Sold for $887,000 at 2008 The Richard C. Paine Jr. Collection.Sold for $1,100,000 at 2013 Bonhams - Quail Lodge Auction. Tourabout
Chassis #: 7686
Engine # 10288
Karl Benz is given credit for the first series-produced internal combustion vehicle. Daimler and Maybach demonstrated the commercial viability of the automobile and continued to develop, refine and improve the products of Daimler Motoren gesellschaft.
Many concepts would follow including the first mass-produced four-cylinder engine and an inline eight-cylinder. These would consume Daimler's capital, forcing him to accept investors. They quickly clashed with Maybach who soon left. In less than a year even Daimler abandoned his company but the two were persuaded to return three years later. They were joined by Paul and Adolf Daimler, Gottlieb's son, who would later take over his responsibilities.
Maybach, who continued to be the innovator and designer, was largely responsible for the introduction of the Mercedes in 1901. In just a short period of time, Maybach introduced a re-designed series of Mercedes cars which were named Mercedes-Simplex. These new cars brought with them several improvements, primarily a much lighter engine and improved cooling which also reduced complexity and weight.
Five models were available, ranging from 18/22hp to a large 60HP. These cars were appealing to many wealthy individuals, even those located in the United States. These customers sought the largest, fastest, and most luxurious automobiles. American owners included Bernard Baruch, Henry Clay Frick, Isaac Guggenheim, Harry Payne Whitney, and Colonel John Jacob Astor, and William Kissam Vanderbilt.
By 1906 Mercedes had a showroom in Times Square where it was represented by the company's longtime agent, William Steinway of the piano-making family.
The Mercedes cars were built of the finest materials, though Maybach's designs were as lightweight as possible. Power was provided by a four-cylinder T-head engine with 4-speed manual transmission in unit with the differential on the cross-shaft to the double rear wheel drive chains. This Car
This example, car number 7686 with engine number 10288 was shipped from their German works and arrived with the U.S. Distributor in January 1910 as a complete rolling chassis ready for coachwork. The agent who received the car was William Steinway. Popular coachbuilders in the New York City area included Brewster, Holbrook, and Rothschild & Company.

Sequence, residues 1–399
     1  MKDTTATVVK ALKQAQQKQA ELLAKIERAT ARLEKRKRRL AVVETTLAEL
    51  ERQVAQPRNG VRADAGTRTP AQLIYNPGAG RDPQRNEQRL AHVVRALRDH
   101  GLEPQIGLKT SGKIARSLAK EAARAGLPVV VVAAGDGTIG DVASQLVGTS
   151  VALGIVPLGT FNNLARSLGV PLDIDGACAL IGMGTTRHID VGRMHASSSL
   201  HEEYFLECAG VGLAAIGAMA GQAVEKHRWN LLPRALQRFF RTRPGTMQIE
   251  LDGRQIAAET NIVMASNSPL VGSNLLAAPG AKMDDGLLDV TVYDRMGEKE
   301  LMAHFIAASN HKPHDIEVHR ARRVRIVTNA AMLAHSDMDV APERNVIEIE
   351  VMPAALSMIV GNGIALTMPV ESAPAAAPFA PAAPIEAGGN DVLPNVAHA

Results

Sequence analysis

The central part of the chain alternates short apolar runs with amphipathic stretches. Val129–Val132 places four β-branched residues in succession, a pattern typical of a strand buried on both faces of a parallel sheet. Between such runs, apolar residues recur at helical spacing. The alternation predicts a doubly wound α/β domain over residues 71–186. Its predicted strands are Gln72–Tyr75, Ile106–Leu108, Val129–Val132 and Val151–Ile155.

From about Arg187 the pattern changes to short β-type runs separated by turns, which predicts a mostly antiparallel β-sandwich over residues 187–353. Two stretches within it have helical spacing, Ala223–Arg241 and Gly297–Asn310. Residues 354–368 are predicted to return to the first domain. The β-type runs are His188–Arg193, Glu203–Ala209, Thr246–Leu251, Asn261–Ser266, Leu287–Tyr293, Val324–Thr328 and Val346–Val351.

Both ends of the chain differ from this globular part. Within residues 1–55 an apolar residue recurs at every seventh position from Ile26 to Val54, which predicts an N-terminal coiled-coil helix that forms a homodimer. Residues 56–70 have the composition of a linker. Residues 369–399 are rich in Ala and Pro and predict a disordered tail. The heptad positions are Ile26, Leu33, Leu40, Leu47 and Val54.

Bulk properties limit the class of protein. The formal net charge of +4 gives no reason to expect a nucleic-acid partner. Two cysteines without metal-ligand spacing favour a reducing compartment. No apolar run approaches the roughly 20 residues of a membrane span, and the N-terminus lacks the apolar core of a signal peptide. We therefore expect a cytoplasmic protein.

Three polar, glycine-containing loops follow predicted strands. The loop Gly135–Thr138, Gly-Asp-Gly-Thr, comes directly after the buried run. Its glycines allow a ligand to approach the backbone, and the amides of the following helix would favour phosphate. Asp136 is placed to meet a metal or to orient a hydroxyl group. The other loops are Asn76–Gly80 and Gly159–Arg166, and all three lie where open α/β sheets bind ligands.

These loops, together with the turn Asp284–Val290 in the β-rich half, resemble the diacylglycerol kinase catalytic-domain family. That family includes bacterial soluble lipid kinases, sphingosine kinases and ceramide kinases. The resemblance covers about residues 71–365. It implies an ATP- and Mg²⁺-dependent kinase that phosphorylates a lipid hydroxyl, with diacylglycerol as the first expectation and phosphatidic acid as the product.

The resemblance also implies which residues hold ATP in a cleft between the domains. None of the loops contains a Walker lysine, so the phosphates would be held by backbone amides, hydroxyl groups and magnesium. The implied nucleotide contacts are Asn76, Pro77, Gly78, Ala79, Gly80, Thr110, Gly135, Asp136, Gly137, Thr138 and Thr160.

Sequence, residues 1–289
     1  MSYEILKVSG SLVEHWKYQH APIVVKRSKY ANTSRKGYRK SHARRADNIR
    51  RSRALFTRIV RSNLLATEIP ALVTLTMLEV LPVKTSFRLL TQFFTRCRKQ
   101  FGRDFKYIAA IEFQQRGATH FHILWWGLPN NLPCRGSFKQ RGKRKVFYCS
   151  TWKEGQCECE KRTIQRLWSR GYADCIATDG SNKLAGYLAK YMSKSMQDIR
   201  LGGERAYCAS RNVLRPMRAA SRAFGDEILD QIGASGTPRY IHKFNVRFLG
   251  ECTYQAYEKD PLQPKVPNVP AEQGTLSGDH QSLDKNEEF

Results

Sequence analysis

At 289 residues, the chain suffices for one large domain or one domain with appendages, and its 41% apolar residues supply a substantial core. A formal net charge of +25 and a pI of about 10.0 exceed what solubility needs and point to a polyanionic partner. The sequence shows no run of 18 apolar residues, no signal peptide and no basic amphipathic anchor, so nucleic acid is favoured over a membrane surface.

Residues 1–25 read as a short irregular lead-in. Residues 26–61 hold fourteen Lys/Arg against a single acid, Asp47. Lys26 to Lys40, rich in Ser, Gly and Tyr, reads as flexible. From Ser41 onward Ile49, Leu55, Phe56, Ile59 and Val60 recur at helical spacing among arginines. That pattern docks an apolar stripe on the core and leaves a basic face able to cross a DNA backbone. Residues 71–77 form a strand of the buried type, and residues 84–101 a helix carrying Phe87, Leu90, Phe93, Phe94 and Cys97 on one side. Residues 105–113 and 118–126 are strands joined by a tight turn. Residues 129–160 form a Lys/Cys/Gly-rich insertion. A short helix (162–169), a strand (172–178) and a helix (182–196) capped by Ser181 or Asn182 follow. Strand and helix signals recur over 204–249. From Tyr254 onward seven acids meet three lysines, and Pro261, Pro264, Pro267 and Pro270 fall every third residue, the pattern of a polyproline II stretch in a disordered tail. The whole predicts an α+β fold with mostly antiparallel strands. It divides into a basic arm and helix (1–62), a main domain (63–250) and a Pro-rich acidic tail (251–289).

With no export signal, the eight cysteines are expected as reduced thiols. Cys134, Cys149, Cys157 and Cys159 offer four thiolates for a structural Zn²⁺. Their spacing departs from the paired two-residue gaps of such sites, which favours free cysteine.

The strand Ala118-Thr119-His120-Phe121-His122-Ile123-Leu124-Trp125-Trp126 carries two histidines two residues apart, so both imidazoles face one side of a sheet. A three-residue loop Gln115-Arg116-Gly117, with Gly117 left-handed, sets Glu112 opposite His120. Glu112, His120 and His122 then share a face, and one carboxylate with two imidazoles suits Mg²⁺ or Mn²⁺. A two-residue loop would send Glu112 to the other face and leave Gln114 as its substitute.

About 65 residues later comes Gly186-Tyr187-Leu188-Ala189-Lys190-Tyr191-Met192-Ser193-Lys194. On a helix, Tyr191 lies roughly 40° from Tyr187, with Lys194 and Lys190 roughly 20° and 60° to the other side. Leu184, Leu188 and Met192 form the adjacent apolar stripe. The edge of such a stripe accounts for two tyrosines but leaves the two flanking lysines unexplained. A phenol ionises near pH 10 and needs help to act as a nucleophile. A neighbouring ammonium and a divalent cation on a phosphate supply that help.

The car is thought to have been bought by Scher on the East Coast in the late 1950s. It is possible that the car existed in that region of the country new. In 1958 and 1960, Dr. Scher advertised in The Antique Automobile
for a carburetor for a 1906/7 Mercedes 45 'must be original', so it seems likely that he restored this car in that era.
By the mid-1960s, the car was in show condition. Around this time, Dr. Scher concluded his multi-car sale to Richard C. Paine Jr. and was part of the deal on the 41 cars listing of that sale. The car remained in Paine's collection until his death in 2007 and was subsequently sold by Bonhams at their September 2008 Owls Head, Maine auction when it passed to the current owners. During this ownership, the car was displayed at the Casino in Baden-Baden in Germany alongside a Mercedes Factory SS Sports Tourer.
The car is finished in beige with a maroon undercarriage and body accent and highlighted by deep tufted leather upholstery and a beige cloth top. It has Gerhardt bullseye kerosene headlights, sidelamps and taillight, dual rear spares, leather covered top frame, blackwall tires and a brass trumpet horn. The four-cylinder T-head engine has a single carburetor and offers 45 horsepower. There is a chain drive, 4-speed manual transmission, and rear drum brakes.
By Daniel Vaughan | Nov 2013
The car wears 'Double Roadster' coachwork. Healey & Co., one of the favored coachbuilders for Mercedes cars, was particularly fond of the double roadster style and built many bodies for Mercedes motor show display cars. The other prominent American sporting coach builders Quimby and Holbrook also produced numerous double roadster bodies. Thomas Flyer offered a double roadster as well as Simplex